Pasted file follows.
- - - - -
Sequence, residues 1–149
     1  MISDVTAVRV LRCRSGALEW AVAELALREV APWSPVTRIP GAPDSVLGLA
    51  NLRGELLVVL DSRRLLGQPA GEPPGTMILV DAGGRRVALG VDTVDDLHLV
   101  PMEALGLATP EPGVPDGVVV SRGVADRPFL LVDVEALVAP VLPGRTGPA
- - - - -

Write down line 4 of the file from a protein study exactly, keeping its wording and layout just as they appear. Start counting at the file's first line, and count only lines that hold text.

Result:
   101  PMEALGLATP EPGVPDGVVV SRGVADRPFL LVDVEALVAP VLPGRTGPA